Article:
Yes, we all can learn to use a new UI, but it takes time, which cuts into productivity. Even after learning the new UI, I believe it is slower and more cumbersome to use. I feel like I have been to Sam the genius tailor.

    A fellow went to Sam to be measured for a custom suit. When the fellow returned to pick up the suit, he found it fit very badly. The sleeves were not attached to the jacket body symmetrically. The back was baggy. One pant leg was longer than the other. The fellow said, "I can't wear this!"

    Sam replied, "Well, just twist your body a little, so your arms are in line with the sleeves. Bend over, to take up the extra fabric in the back. And take bigger steps with your right leg than your left leg." The fellow left the shop, following Sam's recommendations.

    A block away, another guy stopped the fellow and complemented his tailor. "He must be a genius to be able to fit a cripple like you!"

    Tuesday, November 8, 2011 4:07 PM
  •  

    I agree with NeotekGuru. The way MS has changed the user interface of the Office products, and in particular Visio, is terrible. It is analogous to having driven a car for 20 years (about how long the user interfaces have been around), and then suddenly finding that the only car available has its gas pedal in on the passenger side, the shift is now where the radio volume control used to be and the emergency brake is in the trunk. A good example of the change in UI in Visio is control-W, which used to zoom to display the entire page (very useful), but now changes windows.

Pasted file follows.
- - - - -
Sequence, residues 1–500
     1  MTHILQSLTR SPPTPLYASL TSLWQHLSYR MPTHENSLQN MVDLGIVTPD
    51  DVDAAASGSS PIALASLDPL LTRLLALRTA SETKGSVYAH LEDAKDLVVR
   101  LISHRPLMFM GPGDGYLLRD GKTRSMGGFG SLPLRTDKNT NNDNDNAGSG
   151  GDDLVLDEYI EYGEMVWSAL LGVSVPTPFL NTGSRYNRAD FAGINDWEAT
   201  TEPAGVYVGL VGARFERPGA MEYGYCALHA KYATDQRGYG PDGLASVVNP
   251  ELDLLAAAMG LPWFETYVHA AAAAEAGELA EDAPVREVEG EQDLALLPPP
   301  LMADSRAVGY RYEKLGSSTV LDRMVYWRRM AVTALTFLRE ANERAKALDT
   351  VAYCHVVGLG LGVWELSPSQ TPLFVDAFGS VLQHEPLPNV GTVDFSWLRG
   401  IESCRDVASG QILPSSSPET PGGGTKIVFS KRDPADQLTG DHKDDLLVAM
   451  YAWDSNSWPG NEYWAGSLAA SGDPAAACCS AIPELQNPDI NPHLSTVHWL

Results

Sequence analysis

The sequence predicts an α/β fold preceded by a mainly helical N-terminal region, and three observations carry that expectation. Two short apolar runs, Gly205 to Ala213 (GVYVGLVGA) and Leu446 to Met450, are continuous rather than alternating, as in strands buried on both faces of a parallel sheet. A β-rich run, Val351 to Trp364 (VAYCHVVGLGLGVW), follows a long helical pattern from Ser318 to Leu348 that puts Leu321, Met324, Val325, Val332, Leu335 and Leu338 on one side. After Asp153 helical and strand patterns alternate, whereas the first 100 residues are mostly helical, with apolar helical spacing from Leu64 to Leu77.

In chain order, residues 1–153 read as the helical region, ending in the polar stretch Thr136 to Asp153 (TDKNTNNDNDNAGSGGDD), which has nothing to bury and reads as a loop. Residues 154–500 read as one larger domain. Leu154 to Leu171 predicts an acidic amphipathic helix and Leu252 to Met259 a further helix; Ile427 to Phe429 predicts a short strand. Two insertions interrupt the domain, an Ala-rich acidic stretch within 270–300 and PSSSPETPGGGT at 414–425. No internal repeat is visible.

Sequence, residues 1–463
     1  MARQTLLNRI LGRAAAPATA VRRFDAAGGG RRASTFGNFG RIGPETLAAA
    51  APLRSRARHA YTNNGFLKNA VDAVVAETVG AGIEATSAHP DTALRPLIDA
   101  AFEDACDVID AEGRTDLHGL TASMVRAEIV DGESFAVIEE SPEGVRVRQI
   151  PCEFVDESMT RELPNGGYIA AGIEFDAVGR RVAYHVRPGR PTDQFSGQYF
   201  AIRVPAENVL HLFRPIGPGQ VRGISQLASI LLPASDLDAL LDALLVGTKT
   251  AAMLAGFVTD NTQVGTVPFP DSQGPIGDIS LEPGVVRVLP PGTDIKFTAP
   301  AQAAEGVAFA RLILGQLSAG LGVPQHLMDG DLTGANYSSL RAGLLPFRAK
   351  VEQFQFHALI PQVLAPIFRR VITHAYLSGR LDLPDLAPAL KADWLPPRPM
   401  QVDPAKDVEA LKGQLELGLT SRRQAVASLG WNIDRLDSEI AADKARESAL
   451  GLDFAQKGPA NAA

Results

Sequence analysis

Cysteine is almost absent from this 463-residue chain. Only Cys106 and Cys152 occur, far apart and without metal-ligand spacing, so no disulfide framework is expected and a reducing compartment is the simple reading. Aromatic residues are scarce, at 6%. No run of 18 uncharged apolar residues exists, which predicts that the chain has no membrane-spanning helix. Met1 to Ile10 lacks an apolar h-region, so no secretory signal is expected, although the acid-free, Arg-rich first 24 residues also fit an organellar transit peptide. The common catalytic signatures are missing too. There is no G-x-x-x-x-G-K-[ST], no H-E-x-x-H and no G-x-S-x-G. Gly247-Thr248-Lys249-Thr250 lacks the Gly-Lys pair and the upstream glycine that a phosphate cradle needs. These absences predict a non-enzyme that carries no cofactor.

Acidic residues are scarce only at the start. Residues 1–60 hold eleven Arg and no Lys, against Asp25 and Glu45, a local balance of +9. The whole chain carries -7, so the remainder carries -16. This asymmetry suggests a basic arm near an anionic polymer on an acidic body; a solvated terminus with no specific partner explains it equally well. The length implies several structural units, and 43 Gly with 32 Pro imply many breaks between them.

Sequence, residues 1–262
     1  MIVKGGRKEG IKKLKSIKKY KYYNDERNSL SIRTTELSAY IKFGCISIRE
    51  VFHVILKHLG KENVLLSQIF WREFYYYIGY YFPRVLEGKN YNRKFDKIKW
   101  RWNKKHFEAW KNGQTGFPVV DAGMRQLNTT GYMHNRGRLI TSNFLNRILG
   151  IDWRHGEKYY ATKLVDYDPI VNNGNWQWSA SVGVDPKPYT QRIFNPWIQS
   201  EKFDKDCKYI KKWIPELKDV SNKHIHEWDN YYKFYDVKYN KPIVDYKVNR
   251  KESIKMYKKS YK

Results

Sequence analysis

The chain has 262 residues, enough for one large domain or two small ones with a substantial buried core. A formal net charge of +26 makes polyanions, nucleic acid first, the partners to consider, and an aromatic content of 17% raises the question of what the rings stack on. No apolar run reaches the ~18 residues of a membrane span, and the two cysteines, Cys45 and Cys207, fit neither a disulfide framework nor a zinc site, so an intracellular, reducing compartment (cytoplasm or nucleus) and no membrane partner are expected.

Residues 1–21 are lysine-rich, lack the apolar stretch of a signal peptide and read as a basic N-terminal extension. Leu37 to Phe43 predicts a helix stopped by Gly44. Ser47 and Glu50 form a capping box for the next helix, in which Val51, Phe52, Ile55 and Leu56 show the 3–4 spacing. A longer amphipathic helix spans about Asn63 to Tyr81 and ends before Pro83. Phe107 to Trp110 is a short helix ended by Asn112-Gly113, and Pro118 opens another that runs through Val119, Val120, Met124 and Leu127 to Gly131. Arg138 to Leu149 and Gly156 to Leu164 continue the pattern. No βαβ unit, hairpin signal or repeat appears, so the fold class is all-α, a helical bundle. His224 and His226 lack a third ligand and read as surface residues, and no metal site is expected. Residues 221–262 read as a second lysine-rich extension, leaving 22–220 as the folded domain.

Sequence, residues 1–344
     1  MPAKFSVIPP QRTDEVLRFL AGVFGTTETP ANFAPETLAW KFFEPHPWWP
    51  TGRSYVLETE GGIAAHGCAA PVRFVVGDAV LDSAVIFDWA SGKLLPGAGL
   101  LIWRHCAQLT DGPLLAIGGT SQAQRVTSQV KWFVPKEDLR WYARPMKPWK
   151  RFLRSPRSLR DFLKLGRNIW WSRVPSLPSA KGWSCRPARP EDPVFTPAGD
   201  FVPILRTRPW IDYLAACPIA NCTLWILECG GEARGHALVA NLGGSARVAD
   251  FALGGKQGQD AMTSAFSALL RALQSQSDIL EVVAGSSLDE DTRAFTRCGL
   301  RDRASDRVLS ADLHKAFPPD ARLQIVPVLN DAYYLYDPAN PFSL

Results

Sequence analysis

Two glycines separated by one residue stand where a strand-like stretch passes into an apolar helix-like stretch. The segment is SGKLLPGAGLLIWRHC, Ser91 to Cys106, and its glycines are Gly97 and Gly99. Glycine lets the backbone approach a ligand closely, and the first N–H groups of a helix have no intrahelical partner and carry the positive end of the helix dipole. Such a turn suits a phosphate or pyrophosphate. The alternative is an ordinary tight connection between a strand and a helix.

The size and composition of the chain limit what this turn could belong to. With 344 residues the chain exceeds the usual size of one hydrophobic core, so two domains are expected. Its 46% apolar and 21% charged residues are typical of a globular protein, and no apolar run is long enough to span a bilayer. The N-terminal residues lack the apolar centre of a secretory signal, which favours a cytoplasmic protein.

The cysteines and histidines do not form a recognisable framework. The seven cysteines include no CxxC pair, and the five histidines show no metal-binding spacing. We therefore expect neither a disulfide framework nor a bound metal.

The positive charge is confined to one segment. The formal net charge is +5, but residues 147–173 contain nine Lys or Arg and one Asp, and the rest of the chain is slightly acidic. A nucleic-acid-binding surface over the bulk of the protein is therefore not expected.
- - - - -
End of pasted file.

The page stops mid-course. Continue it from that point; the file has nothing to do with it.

Yes, we all can learn to use a new UI, but it takes time, which cuts into productivity. Even after learning the new UI, I believe it is slower and more cumbersome to use. I feel like I have been to Sam the genius tailor.

    A fellow went to Sam to be measured for a custom suit. When the fellow returned to pick up the suit, he found it fit very badly. The sleeves were not attached to the jacket body symmetrically. The back was baggy. One pant leg was longer than the other. The fellow said, "I can't wear this!"

    Sam replied, "Well, just twist your body a little, so your arms are in line with the sleeves. Bend over, to take up the extra fabric in the back. And take bigger steps with your right leg than your left leg." The fellow left the shop, following Sam's recommendations.

    A block away, another guy stopped the fellow and complemented his tailor. "He must be a genius to be able to fit a cripple like you!"

    There was a wonderful story years ago (Alan Coren, Punch magazine) about how King Richard III went to get a suit of armour made, and ended up a hunchback.

     

     


    -- Paul Herber, Sandrila Ltd. http://www.sandrila.co.uk/ Engineering and software shapes for Visio.
    Tuesday, November 8, 2011 4:20 PM